Republicans were talking publicly on Thursday about keeping a tax on capital gains and other investment income, imposed by the Affordable Care Act on individuals with annual incomes exceeding $200,000 and couples making more than $250,000.
Mr. McConnell’s bill would repeal that tax, like most other taxes in Mr. Obama’s health care law. The Congressional Budget Office said that repealing the investment tax, retroactive to the start of this year, would cost the government $172 billion in lost revenue from 2017 to 2026.
Ms. Collins said, “I do not see a justification for doing away with the 3.8 percent tax” on certain investment income. She said the investment tax differed from other taxes in the Affordable Care Act, like an excise tax on medical devices, because those taxes can increase costs for consumers. “I distinguish between those tax increases that were part of Obamacare that increase premiums and the cost of health care versus those that don’t,” she said.
Mr. Corker said that the initial Senate bill would leave health care out of reach for many lower-income people and that keeping the tax on investment income would provide revenue that could be used to address that issue. The Congressional Budget Office said the bill could increase costs for low-income people to the point that “few low-income people would purchase any plan,” even with financial assistance from the government.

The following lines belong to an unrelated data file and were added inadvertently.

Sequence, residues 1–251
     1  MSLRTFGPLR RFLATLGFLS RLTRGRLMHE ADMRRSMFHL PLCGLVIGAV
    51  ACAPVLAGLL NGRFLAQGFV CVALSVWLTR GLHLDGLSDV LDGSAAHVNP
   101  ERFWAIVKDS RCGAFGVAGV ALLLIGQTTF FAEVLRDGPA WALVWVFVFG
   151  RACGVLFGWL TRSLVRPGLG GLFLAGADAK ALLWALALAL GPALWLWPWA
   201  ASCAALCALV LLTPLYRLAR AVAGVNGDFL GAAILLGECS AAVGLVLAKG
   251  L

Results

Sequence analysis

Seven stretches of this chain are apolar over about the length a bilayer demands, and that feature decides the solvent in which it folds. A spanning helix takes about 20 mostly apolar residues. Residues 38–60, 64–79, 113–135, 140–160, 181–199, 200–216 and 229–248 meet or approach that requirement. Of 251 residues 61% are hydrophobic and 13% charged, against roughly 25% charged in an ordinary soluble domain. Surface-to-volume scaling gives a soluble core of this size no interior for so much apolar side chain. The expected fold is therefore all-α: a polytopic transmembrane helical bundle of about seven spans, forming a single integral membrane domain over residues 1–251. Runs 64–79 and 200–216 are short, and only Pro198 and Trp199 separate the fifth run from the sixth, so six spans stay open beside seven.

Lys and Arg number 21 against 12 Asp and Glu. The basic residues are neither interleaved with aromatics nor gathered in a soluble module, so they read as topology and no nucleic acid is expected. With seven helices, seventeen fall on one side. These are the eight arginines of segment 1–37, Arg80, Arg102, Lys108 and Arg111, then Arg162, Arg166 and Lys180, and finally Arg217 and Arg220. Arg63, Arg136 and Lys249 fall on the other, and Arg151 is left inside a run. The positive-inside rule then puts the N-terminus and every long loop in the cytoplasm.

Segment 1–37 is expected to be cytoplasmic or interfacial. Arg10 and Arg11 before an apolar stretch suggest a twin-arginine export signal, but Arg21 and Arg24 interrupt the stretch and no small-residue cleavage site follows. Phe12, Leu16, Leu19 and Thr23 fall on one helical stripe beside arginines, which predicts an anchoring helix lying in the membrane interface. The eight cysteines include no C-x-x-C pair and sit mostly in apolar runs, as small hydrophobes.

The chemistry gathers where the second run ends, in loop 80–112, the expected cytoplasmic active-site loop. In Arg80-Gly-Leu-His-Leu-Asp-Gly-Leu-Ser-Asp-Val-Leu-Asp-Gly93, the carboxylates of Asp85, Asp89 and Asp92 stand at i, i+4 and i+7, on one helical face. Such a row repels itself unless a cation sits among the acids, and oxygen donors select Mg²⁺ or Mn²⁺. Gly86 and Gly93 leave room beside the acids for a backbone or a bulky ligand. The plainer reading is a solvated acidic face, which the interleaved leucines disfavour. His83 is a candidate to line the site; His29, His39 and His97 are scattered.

The money for drug abuse treatment — $45 billion over 10 years — was meant to woo wavering Republicans from states hard hit by the opioid epidemic, including Mr. Portman and Senator Shelley Moore Capito of West Virginia.
But Senator Maggie Hassan, Democrat of New Hampshire, another state hit by the opioid crisis, said the additional money was “a drop in the bucket that would not come close to making up for the damage” that could be done by the bill’s cuts in Medicaid.
The Congressional Budget Office said that over 10 years, Mr. McConnell’s bill would cut more than $770 billion from projected spending under Medicaid, a program that pays for a large share of substance abuse treatment and prevention costs in many states.
Another proposal, championed by some conservatives, would allow people to use money in health savings accounts to pay premiums for insurance policies, not just medical expenses.
Christopher E. Condeluci, a former tax and benefits counsel at the Senate Finance Committee, said the change would make health savings accounts more attractive to people who could afford to put money into them. Such savings accounts have become more important, he said, as more Americans have high-deductible health plans, which require them to pay a larger share of their medical costs.
Senate Republicans are also considering a plan from Senator Ted Cruz, Republican of Texas, intended to create lower-cost insurance options. Under the proposal, if an insurer offered at least one plan that met certain federal requirements, offering benefits like maternity care and mental health services, it could also sell insurance policies that did not meet those standards.
Mr. Cruz says the proposal would allow consumers to buy policies they desire and can afford. But insurance experts see a risk that healthy people might sign up for the low-cost, less comprehensive policies, leaving sicker people in the more expensive plans. Republicans said there were ways to minimize that risk.